Monday, March 2, 2009

Hiding Your Deafness = Being Ashamed??

After translating into Italian Karen Putz's post: Are You in the Deaf/Hard of Hearing Closet? I received a response that I really liked. I wanted to re-translate it into English just to give you a better idea of how experiences are universal.

The gentleman who responded, Giovanni, wrote the following:

I read this woman's experience on Jodi's link and the insensitivity of teachers - especially Music teachers- never ceases to piss me off. Trying to teach a deaf person music even when the person has access to amplification is like trying to put Maradona in a wheelchair. Had I been the mother of that girl, I would have strangled the teacher.

Speaking with regard to the specifics of the subject and thinking about my own experience, what can I say? Over thirty years... it's impossible to hide one's own deafness, moreover it is counterproductive. If someone calls you and you don't respond, that individually rightfully thinks that you are ignoring him. But as soon as you say, "Oh, I apologize for not responding. I'm deaf."- everything is okay. This has happened to me a million times.

And thinking about what the others were saying regarding when I don't hear something and someone responds, "Nevermind," or regarding the difficulties associated with group discussions- I can't tell you how many times I get pissed off when I can't understand or follow a discussion with three or four participants (the cochlear implant isn't a miracle, even though it does help) and so I throw out a "what'd you say?" and people respond, "NOTHING!" Always that damn, "NOTHING!" And I am left curious and frustrated.

I have never hidden the fact that I am deaf (to hide would be the same as feeing ashamed, Jodi?) if someone looks at me in such a way that I realize they are waiting for "an answer," I have no problem telling them that I am deaf. Maybe because I accepted that fact that I am deaf so many years ago, perhaps also because I know I am not alone: in Bologna there were about 200 of us and when we went out, no one was embarrassed to sign, even when people looked at us as if we were aliens.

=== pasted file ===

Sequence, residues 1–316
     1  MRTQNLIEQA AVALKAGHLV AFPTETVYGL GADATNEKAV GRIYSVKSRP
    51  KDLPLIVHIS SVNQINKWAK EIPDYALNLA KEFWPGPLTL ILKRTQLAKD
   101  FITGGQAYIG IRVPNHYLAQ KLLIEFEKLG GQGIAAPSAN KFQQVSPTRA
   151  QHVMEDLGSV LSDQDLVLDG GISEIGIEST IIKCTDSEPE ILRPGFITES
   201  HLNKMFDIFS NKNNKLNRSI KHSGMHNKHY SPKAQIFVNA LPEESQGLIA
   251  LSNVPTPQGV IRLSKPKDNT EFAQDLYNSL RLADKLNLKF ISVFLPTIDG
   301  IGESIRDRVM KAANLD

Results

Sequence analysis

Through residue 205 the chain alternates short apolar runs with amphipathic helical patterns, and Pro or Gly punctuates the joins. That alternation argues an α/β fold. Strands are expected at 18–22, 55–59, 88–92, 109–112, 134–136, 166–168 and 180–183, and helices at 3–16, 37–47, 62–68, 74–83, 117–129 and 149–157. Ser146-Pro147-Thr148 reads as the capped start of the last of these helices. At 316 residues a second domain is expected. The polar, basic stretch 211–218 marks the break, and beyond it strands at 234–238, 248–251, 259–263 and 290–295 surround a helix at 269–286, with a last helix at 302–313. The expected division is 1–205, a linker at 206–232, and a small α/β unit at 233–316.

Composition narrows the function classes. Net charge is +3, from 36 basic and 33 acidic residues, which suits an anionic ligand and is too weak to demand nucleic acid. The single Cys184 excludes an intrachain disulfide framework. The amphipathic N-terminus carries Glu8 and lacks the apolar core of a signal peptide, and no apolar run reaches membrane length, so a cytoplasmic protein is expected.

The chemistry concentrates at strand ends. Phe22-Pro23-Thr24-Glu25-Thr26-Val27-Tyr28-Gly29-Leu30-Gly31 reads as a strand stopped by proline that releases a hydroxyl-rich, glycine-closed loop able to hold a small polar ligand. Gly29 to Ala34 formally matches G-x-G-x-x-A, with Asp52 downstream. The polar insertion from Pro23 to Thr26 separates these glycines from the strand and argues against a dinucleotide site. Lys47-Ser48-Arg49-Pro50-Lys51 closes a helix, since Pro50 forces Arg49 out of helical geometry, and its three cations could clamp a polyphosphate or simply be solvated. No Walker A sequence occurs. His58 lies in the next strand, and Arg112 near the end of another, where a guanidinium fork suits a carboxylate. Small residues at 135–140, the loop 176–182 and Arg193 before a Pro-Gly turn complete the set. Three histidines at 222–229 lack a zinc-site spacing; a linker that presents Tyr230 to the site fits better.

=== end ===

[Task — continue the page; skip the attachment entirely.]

I don't know if this was the point of your blog post, but this is my experience.


"To hide one's deafness = Being ashamed, Jodi?".

Good question. I'll respond from the perspective of a mother of a deaf child. Hiding Jordan's deafness would not have been a fair choice in respect to him as an individual. I WANT the people surrounding him to know that he IS DEAF, so they can better meet his needs. When people see his ci processor, they realize that he may have difficulty in a noisy environment. If his teachers see his processor, it will remind them that they need to concentrate on maintaining less of a chaotic classroom situation. And if, by chance, some sort of accident happens and I am not by Jordan's side, whomever rushes to his aid will see the processor and know that he is deaf.


I have never hidden his processor using the "long hair" method, because I want my child to be conscious of the fact that I am not in the LEAST bit ashamed or embarrassed by the fact that he is deaf. Then, when he grows up, he will make his own choices as to how to live his life.

The more we speak about issues in deafness by means of internet and television - the more awareness there will be in such matters, so that people will always have less fear, less questions and less absurd reactions.


Anonymous said...

Obviously that person is clueless about deaf/hh people who do use their amplification (hearing aids) or cochlear implants to enjoy music. Since I am a Ragtime pianist myself I know that kids with hearing loss can be taught music and for them to learn, grow and enjoy or even to become professionals in music.

Direct that person to my ragtime piano site. There are a few videos of kids with cochlear implant and hearing aid playing the piano.


Dianrez said...